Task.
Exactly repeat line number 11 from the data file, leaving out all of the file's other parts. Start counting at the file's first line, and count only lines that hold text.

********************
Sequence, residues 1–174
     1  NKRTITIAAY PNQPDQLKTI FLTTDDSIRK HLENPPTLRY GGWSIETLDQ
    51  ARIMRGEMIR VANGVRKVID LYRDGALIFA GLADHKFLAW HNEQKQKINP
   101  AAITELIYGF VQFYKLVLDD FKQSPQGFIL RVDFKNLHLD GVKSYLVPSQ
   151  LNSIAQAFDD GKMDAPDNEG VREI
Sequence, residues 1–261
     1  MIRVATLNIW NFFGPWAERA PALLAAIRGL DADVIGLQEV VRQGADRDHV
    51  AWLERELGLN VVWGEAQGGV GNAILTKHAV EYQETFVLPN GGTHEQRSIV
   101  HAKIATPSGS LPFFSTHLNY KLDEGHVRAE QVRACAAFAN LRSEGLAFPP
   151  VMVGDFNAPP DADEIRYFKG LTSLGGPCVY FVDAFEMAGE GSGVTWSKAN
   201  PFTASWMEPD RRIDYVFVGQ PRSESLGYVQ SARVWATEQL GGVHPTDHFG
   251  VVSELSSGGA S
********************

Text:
   201  PFTASWMEPD RRIDYVFVGQ PRSESLGYVQ SARVWATEQL GGVHPTDHFG